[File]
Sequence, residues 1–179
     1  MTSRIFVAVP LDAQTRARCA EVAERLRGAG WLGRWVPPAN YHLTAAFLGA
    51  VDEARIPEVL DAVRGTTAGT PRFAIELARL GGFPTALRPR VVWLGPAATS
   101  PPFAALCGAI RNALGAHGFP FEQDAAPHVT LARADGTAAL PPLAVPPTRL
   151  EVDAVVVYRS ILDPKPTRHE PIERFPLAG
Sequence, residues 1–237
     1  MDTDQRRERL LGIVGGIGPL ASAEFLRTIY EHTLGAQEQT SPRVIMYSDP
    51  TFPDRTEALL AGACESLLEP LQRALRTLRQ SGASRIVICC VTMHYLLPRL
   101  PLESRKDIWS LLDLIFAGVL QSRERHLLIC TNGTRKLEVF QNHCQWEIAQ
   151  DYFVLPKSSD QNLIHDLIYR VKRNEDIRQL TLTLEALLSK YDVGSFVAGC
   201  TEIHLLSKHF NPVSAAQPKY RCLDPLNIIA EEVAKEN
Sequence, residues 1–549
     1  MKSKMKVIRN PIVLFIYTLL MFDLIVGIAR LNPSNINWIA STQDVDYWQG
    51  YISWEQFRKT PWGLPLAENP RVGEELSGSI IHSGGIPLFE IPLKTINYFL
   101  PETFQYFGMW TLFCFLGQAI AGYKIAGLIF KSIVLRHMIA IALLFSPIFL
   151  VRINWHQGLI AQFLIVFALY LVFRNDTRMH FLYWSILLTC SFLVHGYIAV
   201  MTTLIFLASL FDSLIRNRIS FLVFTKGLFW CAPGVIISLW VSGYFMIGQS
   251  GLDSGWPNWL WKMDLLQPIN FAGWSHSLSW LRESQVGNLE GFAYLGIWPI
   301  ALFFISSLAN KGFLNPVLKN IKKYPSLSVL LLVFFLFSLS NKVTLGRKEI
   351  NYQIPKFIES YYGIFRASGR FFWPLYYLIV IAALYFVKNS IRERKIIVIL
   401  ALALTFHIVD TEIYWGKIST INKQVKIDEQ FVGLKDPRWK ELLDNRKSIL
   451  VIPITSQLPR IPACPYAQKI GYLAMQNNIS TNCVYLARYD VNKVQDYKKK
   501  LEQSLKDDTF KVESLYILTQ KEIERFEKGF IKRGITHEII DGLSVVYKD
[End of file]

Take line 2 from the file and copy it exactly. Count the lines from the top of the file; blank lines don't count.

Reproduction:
     1  MTSRIFVAVP LDAQTRARCA EVAERLRGAG WLGRWVPPAN YHLTAAFLGA